T20 World Cup Wrap: A Trans-Tasman decider for the ages
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Kristy Havill

Not many predicted that New Zealand and Australia would be the two teams standing on top of the world ready to contest the ICC Men’s T20 World Cup 2021 final.


In a tournament that brought joyful, surprising, heartbreaking and downright jaw-dropping results and performances at times, that didn’t stop there being two more twists in the tale.


The fact that both underdogs in the semi-finals tipped up their opponents in eerily similar fashion, thousands of miles away from home, and in conditions that aren’t as familiar to them it’s, well, rather beautiful really. And a timely reminder as to why we love the game.


So here we are again, on the precipice of the next chapter in the great Trans-Tasman cricket rivalry. In what will be New Zealand’s debut in a T20 World Cup final, this will be Australia’s first time at the big dance since they were runners-up to England way back in 2010.


Pundits across the ditch may hark back to a time nearly seven years ago that Australia convincingly beat the Blackcaps at the MCG in the 2015 one-day World Cup final. Let’s not even bother getting into that subject.


Instead, let’s take ourselves even further back to 2011 and across codes to the moment that Stephen ‘Beaver’ Donald strode out onto Eden Park and landed a clutch penalty that sent the All Blacks on their way to defeating France in the World Cup final. Instantly immortalised forevermore as a cult hero after downing his tools while whitebaiting to get to the game.


Anyone who enjoyed that yarn might be interested to know that the Blackcaps could have a candidate to the do same thing on Monday morning (3:00am NZT): Tim Seifert. Minus the whitebaiting of course.


Devon Conway’s moment of seeing red after his dismissal and punching his bat has resulted in a broken hand and will now see him not feature in the final, nor in the upcoming Test series against India.


Seifert is the logical replacement. He can reclaim wicketkeeping duties and bring back the hitting firepower and class he has in spades.


Like ‘Beaver’ Donald, Seifert has endured his fair share of setbacks, proudly represents his Waikato-based domestic team, and loves a cold one. Having already featured in the tournament, at least we know his uniform would fit.


2021 hasn’t been kind to him on the cricket front. Formerly ensconced at the top of the order alongside Martin Guptill, he was player of the series against Pakistan at the end of 2020.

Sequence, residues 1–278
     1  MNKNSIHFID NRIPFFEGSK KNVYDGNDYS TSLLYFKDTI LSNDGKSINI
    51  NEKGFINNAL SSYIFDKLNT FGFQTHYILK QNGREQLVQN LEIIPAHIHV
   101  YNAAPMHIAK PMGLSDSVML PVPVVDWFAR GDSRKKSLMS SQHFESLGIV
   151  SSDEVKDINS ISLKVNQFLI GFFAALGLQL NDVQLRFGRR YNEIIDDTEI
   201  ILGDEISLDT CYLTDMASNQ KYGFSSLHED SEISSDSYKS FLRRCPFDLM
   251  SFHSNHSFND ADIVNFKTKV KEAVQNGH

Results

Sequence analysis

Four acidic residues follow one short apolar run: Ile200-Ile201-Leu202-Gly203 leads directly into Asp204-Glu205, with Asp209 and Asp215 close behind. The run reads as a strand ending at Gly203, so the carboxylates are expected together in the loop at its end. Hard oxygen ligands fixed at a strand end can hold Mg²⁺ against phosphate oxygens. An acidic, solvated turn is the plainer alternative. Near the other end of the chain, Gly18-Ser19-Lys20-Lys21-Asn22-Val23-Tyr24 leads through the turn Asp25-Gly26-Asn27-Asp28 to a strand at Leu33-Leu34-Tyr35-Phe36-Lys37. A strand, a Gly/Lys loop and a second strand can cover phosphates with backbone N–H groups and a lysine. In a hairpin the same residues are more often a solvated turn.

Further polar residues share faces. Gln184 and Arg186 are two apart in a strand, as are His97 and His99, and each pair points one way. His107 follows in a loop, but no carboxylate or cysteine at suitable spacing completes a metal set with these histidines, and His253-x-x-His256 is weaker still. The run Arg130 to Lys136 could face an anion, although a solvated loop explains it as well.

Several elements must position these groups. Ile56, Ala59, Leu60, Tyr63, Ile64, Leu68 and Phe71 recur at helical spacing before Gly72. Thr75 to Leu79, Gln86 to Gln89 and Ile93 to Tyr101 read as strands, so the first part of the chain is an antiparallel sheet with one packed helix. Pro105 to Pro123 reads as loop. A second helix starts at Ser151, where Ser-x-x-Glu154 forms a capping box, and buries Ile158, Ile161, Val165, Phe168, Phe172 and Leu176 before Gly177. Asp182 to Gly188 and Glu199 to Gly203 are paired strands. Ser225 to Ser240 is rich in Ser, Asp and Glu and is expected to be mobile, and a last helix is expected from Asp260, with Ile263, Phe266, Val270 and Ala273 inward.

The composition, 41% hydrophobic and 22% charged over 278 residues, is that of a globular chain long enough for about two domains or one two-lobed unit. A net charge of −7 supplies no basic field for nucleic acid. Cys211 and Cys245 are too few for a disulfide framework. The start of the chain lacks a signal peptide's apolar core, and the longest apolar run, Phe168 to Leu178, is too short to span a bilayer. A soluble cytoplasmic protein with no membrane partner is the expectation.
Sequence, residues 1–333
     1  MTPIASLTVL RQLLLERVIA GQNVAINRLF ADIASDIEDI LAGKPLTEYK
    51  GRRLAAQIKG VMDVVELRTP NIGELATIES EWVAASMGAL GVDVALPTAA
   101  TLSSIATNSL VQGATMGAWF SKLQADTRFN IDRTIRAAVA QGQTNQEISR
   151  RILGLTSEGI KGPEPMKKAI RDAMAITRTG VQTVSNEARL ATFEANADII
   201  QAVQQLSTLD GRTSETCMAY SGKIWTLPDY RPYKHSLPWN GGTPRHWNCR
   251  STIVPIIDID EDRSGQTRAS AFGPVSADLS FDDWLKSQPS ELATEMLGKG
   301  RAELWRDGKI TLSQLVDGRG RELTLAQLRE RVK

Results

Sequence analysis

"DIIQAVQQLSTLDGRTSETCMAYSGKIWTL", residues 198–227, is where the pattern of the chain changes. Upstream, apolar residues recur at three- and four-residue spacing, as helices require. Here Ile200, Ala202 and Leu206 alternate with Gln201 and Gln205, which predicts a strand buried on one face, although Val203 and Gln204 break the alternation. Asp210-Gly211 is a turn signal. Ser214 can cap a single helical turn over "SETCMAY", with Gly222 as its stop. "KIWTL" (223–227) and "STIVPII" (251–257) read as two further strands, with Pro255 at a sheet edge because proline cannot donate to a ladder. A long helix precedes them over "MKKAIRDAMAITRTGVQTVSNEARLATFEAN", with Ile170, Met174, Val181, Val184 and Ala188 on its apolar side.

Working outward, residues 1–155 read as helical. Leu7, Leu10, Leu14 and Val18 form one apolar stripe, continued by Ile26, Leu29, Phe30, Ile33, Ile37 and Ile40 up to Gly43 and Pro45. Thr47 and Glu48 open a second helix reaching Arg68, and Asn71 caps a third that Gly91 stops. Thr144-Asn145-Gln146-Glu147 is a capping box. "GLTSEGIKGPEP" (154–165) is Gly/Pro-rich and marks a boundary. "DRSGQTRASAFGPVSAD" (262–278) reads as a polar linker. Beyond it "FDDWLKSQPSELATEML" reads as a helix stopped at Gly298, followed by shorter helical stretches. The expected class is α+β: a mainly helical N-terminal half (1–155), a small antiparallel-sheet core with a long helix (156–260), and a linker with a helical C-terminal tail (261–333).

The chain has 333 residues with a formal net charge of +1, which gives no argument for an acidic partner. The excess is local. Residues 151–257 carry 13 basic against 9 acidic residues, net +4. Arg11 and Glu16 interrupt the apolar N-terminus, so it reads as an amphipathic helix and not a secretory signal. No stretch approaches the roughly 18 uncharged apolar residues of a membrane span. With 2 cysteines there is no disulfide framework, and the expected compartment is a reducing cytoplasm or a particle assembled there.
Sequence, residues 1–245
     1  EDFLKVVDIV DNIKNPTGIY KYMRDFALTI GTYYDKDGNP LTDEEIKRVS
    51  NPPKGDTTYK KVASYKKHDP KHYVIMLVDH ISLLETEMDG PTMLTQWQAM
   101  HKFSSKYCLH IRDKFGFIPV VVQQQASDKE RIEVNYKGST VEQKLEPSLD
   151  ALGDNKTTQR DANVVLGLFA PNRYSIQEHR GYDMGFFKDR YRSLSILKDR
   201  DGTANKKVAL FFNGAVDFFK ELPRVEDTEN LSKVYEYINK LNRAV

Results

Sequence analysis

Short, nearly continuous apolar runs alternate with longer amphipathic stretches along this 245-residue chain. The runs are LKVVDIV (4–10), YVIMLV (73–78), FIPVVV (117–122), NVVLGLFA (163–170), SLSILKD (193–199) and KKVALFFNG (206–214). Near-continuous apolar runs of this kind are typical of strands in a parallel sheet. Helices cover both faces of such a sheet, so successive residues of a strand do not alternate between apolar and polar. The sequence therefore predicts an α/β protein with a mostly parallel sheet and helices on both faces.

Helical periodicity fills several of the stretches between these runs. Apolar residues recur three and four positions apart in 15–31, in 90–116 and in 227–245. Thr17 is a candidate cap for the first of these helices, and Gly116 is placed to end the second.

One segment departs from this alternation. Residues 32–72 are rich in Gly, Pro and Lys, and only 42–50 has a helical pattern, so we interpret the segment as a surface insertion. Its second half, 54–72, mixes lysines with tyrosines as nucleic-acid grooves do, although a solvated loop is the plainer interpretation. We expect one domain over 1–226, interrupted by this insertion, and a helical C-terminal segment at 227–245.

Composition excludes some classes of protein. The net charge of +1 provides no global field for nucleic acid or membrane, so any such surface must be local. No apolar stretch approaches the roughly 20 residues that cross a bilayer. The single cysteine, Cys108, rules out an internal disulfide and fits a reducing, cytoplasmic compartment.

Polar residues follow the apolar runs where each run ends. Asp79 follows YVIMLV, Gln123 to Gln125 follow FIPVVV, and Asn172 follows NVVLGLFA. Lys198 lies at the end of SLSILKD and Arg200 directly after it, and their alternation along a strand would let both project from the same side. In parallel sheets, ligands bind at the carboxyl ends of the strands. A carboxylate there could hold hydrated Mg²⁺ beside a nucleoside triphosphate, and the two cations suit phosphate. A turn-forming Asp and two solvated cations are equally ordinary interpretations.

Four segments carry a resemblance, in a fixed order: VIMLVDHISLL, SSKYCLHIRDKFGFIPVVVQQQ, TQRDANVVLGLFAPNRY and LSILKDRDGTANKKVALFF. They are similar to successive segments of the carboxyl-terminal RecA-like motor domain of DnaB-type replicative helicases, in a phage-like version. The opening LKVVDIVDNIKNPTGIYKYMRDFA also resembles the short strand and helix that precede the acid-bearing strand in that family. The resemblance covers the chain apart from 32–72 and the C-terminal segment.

Things have fallen away rapidly since then, struggling for runs against Australia and subsequently slipping down the order. The poor bloke also caught Covid on the other side of the world during the first half of the IPL, which delayed his return home to New Zealand.


A middling Caribbean Premier League campaign followed, in which he averaged 22.12 runs at a strike rate of 112.73, before playing one game in the Indian Premier League return, and not making runs for New Zealand in their warm up match against England or in their tournament opener against Pakistan.


He has been on the outer ever since. Until now.


With every player putting their hand up and performing at some point across the tournament, some even in several games, there’s no reason why Seifert can’t do the same against Australia and help us on our way to World Cup glory. We know he’s got it in him, and what better stage to make an emphatic statement. It’s not about the setback, but all about the comeback, after all.


In terms of the Australian line-up, they match up extremely well. There are the two left-armers, Mitchell Starc and Trent Boult. The canny operators, Josh Hazlewood, and Tim Southee. The speed demons, Pat Cummins, and Adam Milne. Not to mention the two leggies, Adam Zampa and Ish Sodhi.


Aaron Finch and Martin Guptill, who are close friends, both stand tall at the top of the order (Finch not so much, he’s a bit shorter). The power of Glenn Phillips and Jimmy Neesham also go toe to toe against Marcus Stoinis and Mitchell Marsh.


Right up and down the line-up, you can almost find a parallel match in the opposition. It bodes well for an almighty showdown, and one that will no doubt seesaw and have us equal parts gasping and cheering.


We know that the Dubai surface will have some runs in it, as evidenced by Pakistan and Australia scoring 176 and 177 runs respectively in the semi-final. That was also the first time that a team had successfully chased 175+ in this edition of the tournament.


Speaking of which, of the 12 matches at the Dubai International Stadium the team batting second has won eleven times. The only anomaly was Scotland failing to chase down New Zealand’s 172. So, as ever, the toss will be extremely important. Looking at New Zealand being listed first on the fixture details, Kane Williamson will have the coin so the pressure will be on Aaron Finch to call correctly. Flip well, skipper.


One last time in this tournament for a 3:00am start New Zealand. Let’s get behind the boys and help them bring it home.  


Prediction: New Zealand win.